In an ideal world, the #3 method would work.  I think it could work, not because Janey really will start to understand or accept delays or a plain no, but because waits or substitutes or distractions will become part of a routine, part of what she knows is a possible outcome when she asks for something.  The #2 method relies on an understanding of other people's needs and motives that I quite honestly don't see Janey having.  The #1 method relies on us as parents being responsive in a way that worked for a while, but that I think we are getting too old and tired to carry on, even if it did give us a few very nice years.  In reality, I don't know if method #3 will work.  It isn't working too well so far.  And perhaps there is some #4 method I'm not thinking of right now.  Whatever the solution is, or if there is a solution, as both Tony and I press further into our fifties, I think we need to figure it out.

Wednesday, July 25, 2018

A tough day and a scary news article---thoughts on respite

Today was one of those days.  Janey and I were both not in the best of moods.  I tried hard to keep her happy, and I'm sure she tried hard to be happy, but it didn't work out.  From my perspective, I spent hours doing exactly what she wanted---giving her the food she asked for, changing her TV shows, taking her for a car ride, snuggling with her---and then each time I didn't do exactly what she asked the minute she asked, she blew up and screamed at me.  I'm sure her perspective would be different, but I can only speak for sure about mine.  I felt tired, unappreciated, sick of it all.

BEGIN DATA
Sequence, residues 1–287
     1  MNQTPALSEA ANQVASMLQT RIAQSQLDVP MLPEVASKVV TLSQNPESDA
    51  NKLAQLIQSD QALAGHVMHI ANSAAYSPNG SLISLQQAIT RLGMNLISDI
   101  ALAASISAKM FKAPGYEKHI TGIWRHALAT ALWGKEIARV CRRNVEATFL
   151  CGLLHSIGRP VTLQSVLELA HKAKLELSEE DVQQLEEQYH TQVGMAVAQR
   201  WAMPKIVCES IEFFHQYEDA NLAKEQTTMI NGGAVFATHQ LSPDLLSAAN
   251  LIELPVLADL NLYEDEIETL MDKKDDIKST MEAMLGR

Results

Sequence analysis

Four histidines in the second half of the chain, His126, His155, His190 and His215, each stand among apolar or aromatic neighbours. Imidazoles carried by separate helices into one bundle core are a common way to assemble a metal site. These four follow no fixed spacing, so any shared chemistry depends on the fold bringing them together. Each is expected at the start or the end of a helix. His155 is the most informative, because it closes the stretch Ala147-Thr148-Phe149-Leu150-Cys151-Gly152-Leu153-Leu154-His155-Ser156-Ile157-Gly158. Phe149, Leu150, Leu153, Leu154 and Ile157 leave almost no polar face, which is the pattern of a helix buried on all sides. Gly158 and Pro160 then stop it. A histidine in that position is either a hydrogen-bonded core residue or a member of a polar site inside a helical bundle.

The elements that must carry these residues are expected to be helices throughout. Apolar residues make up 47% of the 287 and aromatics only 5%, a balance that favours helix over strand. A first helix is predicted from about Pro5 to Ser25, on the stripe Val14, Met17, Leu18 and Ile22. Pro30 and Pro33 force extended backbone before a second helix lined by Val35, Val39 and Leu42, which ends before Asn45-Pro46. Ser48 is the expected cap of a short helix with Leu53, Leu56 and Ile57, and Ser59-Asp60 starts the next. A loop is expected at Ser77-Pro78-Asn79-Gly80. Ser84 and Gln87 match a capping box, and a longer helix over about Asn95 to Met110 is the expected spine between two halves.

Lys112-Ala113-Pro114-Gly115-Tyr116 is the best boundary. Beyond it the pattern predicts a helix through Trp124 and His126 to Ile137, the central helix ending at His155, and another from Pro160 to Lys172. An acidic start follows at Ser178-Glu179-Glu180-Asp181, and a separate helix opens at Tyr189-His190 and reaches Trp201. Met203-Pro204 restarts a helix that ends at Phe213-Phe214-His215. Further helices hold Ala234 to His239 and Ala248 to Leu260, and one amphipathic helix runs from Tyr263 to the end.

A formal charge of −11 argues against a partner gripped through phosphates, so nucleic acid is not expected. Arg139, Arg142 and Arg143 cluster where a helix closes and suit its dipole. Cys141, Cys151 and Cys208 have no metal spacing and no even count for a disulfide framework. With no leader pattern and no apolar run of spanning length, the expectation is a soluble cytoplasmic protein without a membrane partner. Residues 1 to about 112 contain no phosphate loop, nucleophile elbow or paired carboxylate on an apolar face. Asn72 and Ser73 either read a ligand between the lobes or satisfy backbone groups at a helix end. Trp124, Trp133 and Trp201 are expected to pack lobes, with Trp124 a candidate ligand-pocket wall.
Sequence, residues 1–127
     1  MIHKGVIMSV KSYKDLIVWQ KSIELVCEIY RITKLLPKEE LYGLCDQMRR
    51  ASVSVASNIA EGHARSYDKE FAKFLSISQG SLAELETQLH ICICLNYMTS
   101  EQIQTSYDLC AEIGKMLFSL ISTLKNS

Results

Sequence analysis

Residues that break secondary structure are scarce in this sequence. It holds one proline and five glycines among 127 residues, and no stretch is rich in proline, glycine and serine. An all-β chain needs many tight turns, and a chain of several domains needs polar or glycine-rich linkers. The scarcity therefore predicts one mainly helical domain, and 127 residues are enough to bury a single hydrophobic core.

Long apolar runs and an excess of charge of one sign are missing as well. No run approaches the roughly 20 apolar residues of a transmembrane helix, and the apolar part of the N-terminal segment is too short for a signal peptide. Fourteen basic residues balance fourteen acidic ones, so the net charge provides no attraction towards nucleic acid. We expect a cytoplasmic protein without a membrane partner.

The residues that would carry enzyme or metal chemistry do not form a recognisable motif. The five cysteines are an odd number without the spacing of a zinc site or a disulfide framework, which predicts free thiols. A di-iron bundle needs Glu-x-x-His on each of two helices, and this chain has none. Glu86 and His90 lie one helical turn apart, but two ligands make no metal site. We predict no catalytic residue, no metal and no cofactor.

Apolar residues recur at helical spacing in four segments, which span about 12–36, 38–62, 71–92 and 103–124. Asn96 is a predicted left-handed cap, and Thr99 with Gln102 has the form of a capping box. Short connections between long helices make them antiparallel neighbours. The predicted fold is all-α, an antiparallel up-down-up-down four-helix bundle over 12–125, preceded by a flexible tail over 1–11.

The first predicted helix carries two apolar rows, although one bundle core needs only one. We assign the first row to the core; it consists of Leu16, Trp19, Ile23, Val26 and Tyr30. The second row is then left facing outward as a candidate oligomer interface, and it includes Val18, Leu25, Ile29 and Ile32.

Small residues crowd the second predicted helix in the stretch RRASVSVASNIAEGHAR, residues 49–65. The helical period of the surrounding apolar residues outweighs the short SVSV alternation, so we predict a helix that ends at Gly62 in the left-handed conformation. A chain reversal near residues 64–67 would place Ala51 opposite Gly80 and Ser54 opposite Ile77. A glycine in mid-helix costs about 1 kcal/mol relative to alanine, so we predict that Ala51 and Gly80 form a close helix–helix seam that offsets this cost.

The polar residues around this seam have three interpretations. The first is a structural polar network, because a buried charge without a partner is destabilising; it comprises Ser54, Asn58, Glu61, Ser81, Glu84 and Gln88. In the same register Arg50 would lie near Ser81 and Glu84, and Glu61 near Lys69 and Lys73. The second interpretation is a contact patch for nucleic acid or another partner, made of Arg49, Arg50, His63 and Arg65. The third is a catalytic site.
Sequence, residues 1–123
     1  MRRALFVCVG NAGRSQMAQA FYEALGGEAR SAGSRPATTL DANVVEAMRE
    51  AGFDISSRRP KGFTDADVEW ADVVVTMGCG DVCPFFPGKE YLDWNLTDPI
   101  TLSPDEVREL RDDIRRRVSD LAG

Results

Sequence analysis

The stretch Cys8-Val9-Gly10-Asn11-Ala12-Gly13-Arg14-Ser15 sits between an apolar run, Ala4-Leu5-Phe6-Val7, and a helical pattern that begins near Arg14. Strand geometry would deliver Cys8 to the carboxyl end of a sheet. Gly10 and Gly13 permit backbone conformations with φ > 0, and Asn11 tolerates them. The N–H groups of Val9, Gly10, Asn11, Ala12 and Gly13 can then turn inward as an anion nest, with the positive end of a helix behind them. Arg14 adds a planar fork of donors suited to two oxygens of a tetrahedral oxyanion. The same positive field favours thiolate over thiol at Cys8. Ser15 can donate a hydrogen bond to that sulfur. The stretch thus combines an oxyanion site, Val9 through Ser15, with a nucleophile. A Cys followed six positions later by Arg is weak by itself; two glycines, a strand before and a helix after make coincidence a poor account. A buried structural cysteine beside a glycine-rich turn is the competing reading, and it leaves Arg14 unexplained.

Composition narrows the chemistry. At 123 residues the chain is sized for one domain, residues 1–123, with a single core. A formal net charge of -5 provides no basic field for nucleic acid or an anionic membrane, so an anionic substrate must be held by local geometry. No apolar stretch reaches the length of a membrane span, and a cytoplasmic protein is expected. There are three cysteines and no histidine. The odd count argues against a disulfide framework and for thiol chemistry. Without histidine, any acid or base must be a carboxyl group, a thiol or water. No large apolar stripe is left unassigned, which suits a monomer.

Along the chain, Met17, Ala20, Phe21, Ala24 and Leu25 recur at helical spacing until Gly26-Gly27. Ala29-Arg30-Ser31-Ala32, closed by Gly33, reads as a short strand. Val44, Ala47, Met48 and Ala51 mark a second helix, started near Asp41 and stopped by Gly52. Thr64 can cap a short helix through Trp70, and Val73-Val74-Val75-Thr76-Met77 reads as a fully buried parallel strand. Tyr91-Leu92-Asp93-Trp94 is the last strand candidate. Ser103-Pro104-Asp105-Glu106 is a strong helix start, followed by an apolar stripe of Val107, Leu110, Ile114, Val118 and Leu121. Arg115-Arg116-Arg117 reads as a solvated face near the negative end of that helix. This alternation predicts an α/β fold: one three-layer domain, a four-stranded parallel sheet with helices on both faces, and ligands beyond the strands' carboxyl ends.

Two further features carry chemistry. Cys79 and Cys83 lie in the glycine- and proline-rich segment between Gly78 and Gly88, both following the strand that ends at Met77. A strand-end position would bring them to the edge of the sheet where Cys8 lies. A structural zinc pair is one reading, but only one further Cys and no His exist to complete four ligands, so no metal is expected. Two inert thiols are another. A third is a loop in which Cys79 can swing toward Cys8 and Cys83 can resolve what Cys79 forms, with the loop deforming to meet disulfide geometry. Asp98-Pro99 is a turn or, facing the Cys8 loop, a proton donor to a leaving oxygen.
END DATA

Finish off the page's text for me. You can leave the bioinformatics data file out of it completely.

And then I saw this news piece...  Read it here

But for the kindness of a stranger, this could have been a horrible tragedy.  As it is, it gives an answer, right there, to why I worry so much, why I sometimes give in to despair.  Here, in one of the riches countries in history, in a state with so many resources, THAT'S the best that is offered to care for people like Janey?  I have so many questions about how the man came to be alone on the very busy highway, but at the very, very least, there was some huge negligence going on, and by not reporting him for missing for as long as happened, I suspect some covering up, too.

My friend Michelle and I often joke back and forth with each other when we've had rough days (or weeks or months or years)---"I've got an idea!  Why don't you just get some respite?"  Then we laugh and laugh.  Because basically, there is next to no true respite available.  And when there is, well, that story above illustrates the fears I have of it.  It brought back flashbacks to the one respite I did try---you can read about there here if you wish.

Why is there so little respite, and why, when there IS a chance for there to be respite, or adult care, are there so many problems with it?

There's a few reasons, I think.  One is that unless you yourself have parented, long term, a child like Janey, a child with very little language who functions intellectually at about a toddler level, you don't really get it.  You might be as well meaning as the day is long, but you don't totally understand the EVERY SINGLE MINUTE part of the parenting.  There are no breaks, ever.  You can't let your attention slide.  This does two things.  Because people can't picture how all-consuming the job is, they don't understand why we NEED respite as much as we do.  And when people are hired to provide respite, or, bless them, volunteer to do respite, they often find themselves over their heads.  That was the case with the respite house we took Janey to.  They were hugely well meaning, they were well funded, they were a lovely place.  But they didn't get how much Janey (and other kids, I am sure, but I can only say for sure about Janey) needed to be watched.